Pfizer vs. Moderna: What’s the Difference In the COVID-19 Vaccines?
The time has finally come. We now have a vaccine. And really, we have two! Both Pfizer and Moderna have developed COVID-19 vaccines which have both been approved by the FDA for emergency use. Many of us already know that as news travels fast, but the question everyone wants to know is… What’s the difference between the two vaccine options?
When there are two medical options, naturally, we want to know which one is better so that we can make the best decision. And, as nurses, we want to guide our patients in the best way possible.
Below, we’ll take a look at how the two vaccine’s work and compare vital similarities and differences.
In addition to the vaccines both having the same mechanism of action, they also feature some other essential similarities.
Every vaccine, medical procedure, or medication can have side effects; both the Moderna and Pfizer vaccines are no different. The vaccines have both reported similar side effects which include, but are not limited to:
- Injection site pain
- Joint and/or muscle pain
Typically, you would see these side effects within 24-48 hours.
Side note: The CDC has recommended for hospitals to stagger vaccinations among staff in different departments so that if there are any side effects that prevent them from working, the entire department won’t be out of commission.
Both vaccines have reported similar efficacy rates in their clinical trials. The efficacy reported by Moderna was 97.1% and for Pfizer, it was 95%. Each vaccine was shown to be equally effective among all tested age groups, race, ethnicities, and genders.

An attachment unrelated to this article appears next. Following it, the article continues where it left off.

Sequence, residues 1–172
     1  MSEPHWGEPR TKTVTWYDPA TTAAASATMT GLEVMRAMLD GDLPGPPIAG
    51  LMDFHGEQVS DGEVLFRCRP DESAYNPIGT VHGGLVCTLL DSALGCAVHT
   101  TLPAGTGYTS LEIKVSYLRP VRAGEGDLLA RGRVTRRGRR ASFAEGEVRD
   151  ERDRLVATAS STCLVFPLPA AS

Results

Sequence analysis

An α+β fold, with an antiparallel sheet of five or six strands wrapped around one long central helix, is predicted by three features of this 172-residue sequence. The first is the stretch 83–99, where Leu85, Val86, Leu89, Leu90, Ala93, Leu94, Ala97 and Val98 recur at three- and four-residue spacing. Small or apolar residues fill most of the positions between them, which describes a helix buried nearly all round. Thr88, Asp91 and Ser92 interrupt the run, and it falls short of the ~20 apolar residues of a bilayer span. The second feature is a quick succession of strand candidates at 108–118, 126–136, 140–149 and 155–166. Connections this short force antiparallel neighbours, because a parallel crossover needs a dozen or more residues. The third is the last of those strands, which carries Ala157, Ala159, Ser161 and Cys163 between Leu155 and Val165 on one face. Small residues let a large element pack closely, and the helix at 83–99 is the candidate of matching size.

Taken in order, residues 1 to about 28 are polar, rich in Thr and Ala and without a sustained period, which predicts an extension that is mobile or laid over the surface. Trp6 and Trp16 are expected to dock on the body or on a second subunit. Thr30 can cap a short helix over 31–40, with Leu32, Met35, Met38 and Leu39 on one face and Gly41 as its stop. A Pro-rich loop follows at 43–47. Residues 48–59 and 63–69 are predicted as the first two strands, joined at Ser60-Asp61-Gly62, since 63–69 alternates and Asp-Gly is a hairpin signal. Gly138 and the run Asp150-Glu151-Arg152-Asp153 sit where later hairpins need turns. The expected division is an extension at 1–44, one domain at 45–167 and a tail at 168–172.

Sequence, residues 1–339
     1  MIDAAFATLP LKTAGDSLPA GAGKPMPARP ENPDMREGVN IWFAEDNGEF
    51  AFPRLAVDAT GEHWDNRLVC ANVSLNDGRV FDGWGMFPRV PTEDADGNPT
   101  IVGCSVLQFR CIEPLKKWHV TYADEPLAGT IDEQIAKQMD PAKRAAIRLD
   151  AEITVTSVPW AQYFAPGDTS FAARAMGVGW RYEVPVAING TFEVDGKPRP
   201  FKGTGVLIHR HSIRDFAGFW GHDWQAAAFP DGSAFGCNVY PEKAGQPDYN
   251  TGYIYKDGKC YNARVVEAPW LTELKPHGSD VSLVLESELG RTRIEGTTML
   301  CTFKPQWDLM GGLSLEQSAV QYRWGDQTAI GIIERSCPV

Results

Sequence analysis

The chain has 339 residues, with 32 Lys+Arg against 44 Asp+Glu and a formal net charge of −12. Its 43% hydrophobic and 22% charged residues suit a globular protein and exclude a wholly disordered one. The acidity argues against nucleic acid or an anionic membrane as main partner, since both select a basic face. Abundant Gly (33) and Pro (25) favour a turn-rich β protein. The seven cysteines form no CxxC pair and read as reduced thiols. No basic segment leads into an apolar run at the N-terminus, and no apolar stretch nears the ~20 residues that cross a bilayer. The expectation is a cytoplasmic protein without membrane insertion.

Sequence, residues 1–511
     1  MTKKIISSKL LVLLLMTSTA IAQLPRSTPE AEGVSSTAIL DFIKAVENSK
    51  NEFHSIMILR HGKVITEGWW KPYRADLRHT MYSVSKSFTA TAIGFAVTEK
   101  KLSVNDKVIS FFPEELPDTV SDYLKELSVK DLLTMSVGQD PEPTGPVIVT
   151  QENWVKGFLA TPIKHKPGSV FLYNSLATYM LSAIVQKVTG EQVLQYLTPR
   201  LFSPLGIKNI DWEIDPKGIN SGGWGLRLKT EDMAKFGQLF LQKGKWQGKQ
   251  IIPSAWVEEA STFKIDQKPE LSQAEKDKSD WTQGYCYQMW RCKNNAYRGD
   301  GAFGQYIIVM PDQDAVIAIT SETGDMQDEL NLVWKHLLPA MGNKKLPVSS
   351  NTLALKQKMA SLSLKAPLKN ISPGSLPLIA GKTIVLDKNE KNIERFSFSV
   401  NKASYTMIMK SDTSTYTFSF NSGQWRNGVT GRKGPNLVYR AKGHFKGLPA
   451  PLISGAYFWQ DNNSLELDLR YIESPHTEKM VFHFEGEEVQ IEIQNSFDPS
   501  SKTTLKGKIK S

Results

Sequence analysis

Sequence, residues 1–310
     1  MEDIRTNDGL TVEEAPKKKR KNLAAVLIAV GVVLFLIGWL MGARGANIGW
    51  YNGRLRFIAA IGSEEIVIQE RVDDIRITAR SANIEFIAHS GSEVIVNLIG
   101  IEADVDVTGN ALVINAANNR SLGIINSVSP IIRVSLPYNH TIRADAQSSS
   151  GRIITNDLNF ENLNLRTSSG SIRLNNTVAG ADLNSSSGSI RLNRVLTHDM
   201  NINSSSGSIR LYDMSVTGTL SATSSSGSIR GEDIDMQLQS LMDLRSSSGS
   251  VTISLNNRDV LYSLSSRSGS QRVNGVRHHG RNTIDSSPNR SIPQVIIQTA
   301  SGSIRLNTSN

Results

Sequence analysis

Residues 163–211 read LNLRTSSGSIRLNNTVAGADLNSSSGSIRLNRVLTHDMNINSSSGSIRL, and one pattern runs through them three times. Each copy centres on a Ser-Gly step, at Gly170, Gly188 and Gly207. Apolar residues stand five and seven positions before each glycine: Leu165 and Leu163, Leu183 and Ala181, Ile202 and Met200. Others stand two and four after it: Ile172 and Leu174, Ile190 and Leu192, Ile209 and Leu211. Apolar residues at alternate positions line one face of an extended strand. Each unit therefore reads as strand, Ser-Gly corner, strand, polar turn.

One thing to keep in mind is that these rates are for immediate efficacy, it is still in the long-term study phase for how each of them will present as time goes on.
Now, let’s take a look at some important key differences between the two vaccines.
Pfizer vs. Moderna Differences
Dosing Days and Amounts
Each of the vaccines has a different amount of days in between doses.
For Moderna, the first and second doses are given 28 days apart. The Moderna vaccine is also 100 micrograms per dose.
The two Pfizer vaccine doses are given just 21 days apart, but it contains only 30 micrograms per dose.
However, just because the dosing schedules and amounts are different, they have both produced rather similar results; the methods of delivery are just slightly different.
Storage Requirements and Stability
Both vaccines must be kept cold throughout transport and storage. (This has presented some issue with transport and availability, as you may have already seen.)
The Pfizer COVID-19 vaccine is shipped at -94𝇈F and must be used within 5 days of thawing to maintain stability. However, it must be kept refrigerated during those 5 days.
The Moderna vaccine is shipped at -4𝇈F and can be kept refrigerated for 30 days. This one will keep for 12 hours at room temperature without losing stability.
Minimum Order Requirements and Doses Per Vial
Moderna only requires a minimum order of 100 vials and each vial is 10 doses. Pfizer requires a minimum order of 975 vials with 5 doses each.
Though this might not seem that important; logistically, minimum order requirements can pose an issue.
Since the Pfizer vaccine requires a much larger order and has to be kept colder, it limits the number of facilities that can offer the vaccine because they must have the manpower to administer that many doses and have a freezer that can stay at such a low temperature.
Though children can contract COVID-19 as well, there are age requirements for the vaccines. Pfizer only requires vaccination recipients to be 16 with parental consent, but Moderna requires recipients to be 18.
These numbers are largely based on the ages of participants who were enrolled in the clinical trials.
However, there is good news! Moderna is already working on testing the vaccine in younger age groups!\
So is one vaccine better than the other? They have some differences, but the efficacy and the side effect profile are similar, making them equal candidates for protection.
Did you recently receive the vaccine? We want to hear from you! Join the conversation below!